The Modern Antiquarian. Stone Circles, Ancient Sites, Neolithic Monuments, Ancient Monuments, Prehistoric Sites, Megalithic MysteriesThe Modern Antiquarian

Capel Garmon

Chambered Cairn


Dawn arrives at Fferm y'Rynys - a little under a mile below and to the south of the great chambered long barrow standing mute testimony to millennia of humankind's ultimately forlorn attempts to tame this wild, uncompromising landscape - to witness my tent.. somehow.. still clinging to this North Walian hillside, like a particularly stubborn limpet upon the foreshore beneath Penmaenmawr, having defied the unwelcome attentions of Hurricane Gonzalo's swirling extremities during the night. Well, at least the meteorologists named this latest manifestation of Nature's destructive power after a male, albeit (presumably) one from Shakespeare's 'Tempest'. How poetic. Anyway, having just about managed to avoid dashing out what brains I do possess upon Tal-y-Fan's summit crags the previous day, I wisely resist the siren call of the high peaks, as exemplified by the soaring profile of Moel Siabod to the west. Must be getting old. So Capel Garmon it is.

Ironically, despite having patronised Gareth and Carol Williams wondrous campsite more-or-less every year since 1989, this is but my third visit to the superb neolithic monument which overlooks the fertile Conwy Valley at its juncture with that of the Machno. As noted by previous members parking/access is not ideal if approaching from the village of Capel Garmon. Hence I decide to finally take Carol's advice and walk from my tent. Hey, why hadn't I thought of that before? Standing at the campsite entrance the access road continues uphill beyond a gate, the negotiation of a couple more such barriers bringing me to a public footpath veering left where a large corrugated iron barn looms above. From here marker posts direct the would-be visitor across a couple of fields until the great funerary monument is seen slumbering below, beyond a kissing date. Yeah, this is a much better way to arrive, blown in on the wind.

Immediately it is obvious that Gonzalo hasn't finished yet, not by a long chalk. Violent gusts of wind propel towering cathedrals of cumulonimbus across the sky, unleashing shafts of golden sunlight interacting with lashing rain squalls to send rainbows arcing into the apparent stratosphere, tripping the light fantastic to the symphony in my head. The scene, the vibe is so 'Turner-esque' that, upon glancing toward the natural gorsedd to the north, I almost expect to see Timothy Spall sitting there, paintbrush in hand. Nature's invigoratingly full-on theatrics would be more than enough today, to be fair. However Capel Garmon happens to be an absolutely first rate monument....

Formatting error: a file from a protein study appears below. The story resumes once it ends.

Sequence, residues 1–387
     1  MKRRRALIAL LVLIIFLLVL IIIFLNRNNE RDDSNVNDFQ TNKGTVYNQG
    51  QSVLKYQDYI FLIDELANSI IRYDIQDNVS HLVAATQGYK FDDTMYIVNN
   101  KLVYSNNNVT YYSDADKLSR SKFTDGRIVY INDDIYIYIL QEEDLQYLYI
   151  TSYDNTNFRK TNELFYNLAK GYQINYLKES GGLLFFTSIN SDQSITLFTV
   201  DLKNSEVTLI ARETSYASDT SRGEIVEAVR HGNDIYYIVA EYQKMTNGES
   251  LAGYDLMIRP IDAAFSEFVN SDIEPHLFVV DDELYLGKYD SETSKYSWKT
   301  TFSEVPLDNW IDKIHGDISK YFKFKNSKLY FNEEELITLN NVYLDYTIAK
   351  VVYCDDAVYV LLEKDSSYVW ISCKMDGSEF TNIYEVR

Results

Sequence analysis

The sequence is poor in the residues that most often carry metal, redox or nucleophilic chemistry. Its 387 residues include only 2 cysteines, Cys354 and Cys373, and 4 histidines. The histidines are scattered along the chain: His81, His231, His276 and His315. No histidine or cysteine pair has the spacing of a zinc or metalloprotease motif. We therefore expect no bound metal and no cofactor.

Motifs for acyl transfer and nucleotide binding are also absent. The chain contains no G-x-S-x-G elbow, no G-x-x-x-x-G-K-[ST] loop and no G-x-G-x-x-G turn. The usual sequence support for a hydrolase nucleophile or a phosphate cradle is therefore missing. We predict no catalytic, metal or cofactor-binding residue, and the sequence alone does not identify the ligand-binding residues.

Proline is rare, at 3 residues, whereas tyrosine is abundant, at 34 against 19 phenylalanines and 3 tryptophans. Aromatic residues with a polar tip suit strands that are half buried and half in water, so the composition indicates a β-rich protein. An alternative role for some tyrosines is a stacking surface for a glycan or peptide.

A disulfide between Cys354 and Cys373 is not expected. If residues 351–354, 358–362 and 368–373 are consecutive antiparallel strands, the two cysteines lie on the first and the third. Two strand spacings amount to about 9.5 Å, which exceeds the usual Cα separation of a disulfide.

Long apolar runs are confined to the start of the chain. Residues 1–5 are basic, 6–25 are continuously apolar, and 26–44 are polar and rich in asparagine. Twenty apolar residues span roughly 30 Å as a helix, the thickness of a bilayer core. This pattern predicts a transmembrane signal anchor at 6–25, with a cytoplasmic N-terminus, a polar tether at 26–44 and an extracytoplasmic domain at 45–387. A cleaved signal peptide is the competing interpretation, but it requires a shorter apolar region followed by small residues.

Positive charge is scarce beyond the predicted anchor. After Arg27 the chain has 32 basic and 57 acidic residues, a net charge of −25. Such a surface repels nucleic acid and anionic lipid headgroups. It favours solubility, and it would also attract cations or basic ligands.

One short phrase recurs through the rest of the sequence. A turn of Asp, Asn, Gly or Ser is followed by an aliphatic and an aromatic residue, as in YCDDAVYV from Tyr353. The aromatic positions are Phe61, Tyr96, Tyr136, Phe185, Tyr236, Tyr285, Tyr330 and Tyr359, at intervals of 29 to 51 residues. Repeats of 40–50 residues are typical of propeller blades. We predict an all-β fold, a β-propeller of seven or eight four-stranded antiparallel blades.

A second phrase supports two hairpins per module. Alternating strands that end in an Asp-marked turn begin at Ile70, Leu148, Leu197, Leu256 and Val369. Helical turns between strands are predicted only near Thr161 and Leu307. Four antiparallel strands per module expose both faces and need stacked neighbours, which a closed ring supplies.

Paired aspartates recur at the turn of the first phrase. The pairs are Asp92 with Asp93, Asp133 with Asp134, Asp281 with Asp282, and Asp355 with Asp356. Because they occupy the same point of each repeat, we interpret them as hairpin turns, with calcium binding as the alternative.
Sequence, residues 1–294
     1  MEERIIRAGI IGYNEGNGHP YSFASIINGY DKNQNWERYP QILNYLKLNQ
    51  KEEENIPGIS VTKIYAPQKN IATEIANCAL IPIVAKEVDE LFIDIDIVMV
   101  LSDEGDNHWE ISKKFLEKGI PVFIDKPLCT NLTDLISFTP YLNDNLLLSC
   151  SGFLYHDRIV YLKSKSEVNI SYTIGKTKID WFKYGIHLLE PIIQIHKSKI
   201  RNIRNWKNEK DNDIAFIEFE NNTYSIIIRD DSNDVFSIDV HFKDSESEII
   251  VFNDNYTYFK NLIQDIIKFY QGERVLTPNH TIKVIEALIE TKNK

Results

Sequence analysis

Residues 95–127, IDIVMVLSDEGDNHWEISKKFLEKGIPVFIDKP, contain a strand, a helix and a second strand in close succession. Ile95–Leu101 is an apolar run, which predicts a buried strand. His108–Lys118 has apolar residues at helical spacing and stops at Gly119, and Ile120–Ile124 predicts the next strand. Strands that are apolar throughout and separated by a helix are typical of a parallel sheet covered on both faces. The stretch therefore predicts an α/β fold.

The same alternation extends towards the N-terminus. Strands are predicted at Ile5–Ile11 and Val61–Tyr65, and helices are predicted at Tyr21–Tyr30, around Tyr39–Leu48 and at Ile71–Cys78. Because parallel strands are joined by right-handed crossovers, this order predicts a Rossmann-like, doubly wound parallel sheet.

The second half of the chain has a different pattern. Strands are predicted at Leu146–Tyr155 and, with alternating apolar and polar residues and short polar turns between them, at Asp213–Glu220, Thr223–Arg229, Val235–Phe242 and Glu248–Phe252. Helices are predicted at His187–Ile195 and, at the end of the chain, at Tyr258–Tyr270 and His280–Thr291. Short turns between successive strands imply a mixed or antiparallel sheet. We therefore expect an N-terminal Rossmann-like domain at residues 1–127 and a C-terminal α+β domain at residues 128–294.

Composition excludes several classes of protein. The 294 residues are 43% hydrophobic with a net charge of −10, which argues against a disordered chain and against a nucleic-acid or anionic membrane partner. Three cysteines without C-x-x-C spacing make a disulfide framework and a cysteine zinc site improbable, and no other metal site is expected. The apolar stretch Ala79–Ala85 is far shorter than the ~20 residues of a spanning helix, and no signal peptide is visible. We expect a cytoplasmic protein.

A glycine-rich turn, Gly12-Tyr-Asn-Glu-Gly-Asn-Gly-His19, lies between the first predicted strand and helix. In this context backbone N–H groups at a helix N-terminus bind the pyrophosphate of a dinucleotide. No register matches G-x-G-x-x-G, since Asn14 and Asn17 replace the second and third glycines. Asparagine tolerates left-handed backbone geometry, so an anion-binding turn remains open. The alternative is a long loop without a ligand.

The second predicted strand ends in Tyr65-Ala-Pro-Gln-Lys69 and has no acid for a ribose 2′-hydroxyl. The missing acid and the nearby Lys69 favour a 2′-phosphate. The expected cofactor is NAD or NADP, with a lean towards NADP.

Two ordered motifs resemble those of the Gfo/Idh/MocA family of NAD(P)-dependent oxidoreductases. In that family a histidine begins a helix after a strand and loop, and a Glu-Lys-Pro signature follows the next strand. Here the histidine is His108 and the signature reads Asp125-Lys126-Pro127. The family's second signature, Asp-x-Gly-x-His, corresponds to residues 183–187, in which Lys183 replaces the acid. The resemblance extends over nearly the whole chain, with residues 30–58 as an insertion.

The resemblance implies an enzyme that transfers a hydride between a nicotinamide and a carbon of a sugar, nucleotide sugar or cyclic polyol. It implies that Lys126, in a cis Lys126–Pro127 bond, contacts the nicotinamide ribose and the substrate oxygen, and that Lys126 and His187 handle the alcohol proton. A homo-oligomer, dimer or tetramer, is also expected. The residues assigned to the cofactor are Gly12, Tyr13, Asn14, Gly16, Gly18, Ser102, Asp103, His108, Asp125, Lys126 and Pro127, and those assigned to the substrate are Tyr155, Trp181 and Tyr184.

Substantial, too, a central 'chamber', flanked by another large example either side upon an approx east-west axis entered - at least originally - by a narrow passage to the south, this seemingly aligned upon the aforementioned gorsedd (as noted by Mr Cope in his day-glo tome). Seems a reasonable assumption to me. However for me the most impressive component of this great chambered long barrow is the massive capstone which still rests, albeit with a bit of help from a surprisingly unobtrusive concrete support, upon the western chamber. This is open to the west giving the impression of being the entrance. But apparently, in true Cotswold-Severn tradition, this was actually a falsie. More to the point though is why we have a Cotswold-Severn influenced monument up here upon a raging Snowdonian hillside at all? How very odd.

Pondering such imponderables I sit inside and let a couple of hours drift by in relative shelter. 'Relative' since even the overwhelming mass of a 14ft capstone isn't sufficient to keep out the weather in these parts today. Particularly tail ends of hurricanes. In some ways Capel Garmon's great tomb sticks out like a sore thumb here in the uplands of Northern Snowdonia, the preserve of the great Bronze Age round cairn. But I, for one, am not complaining.
18th November 2014ce
Edited 19th November 2014ce

Comments (3)

Great notes (again) Mr G. Very enjoyable read. Posted by CARL
19th November 2014ce
Thanks Carl. Appreciate that. GLADMAN Posted by GLADMAN
20th November 2014ce
We popped into Capel Garmon a couple of years ago when camping down in the river valley. Lovely tomb in a very lovely bit of the uk... juamei Posted by juamei
20th November 2014ce
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